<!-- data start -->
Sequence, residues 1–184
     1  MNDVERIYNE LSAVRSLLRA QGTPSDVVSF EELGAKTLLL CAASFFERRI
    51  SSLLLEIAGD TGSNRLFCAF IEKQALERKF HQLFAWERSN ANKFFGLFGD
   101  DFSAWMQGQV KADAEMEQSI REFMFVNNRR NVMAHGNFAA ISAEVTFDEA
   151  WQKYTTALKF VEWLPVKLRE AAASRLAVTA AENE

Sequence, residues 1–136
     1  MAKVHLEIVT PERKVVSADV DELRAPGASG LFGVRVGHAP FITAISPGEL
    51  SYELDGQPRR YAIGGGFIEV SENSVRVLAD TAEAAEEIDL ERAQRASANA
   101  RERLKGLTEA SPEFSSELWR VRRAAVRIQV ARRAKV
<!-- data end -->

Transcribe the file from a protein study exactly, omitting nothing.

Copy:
Sequence, residues 1–184
     1  MNDVERIYNE LSAVRSLLRA QGTPSDVVSF EELGAKTLLL CAASFFERRI
    51  SSLLLEIAGD TGSNRLFCAF IEKQALERKF HQLFAWERSN ANKFFGLFGD
   101  DFSAWMQGQV KADAEMEQSI REFMFVNNRR NVMAHGNFAA ISAEVTFDEA
   151  WQKYTTALKF VEWLPVKLRE AAASRLAVTA AENE

Sequence, residues 1–136
     1  MAKVHLEIVT PERKVVSADV DELRAPGASG LFGVRVGHAP FITAISPGEL
    51  SYELDGQPRR YAIGGGFIEV SENSVRVLAD TAEAAEEIDL ERAQRASANA
   101  RERLKGLTEA SPEFSSELWR VRRAAVRIQV ARRAKV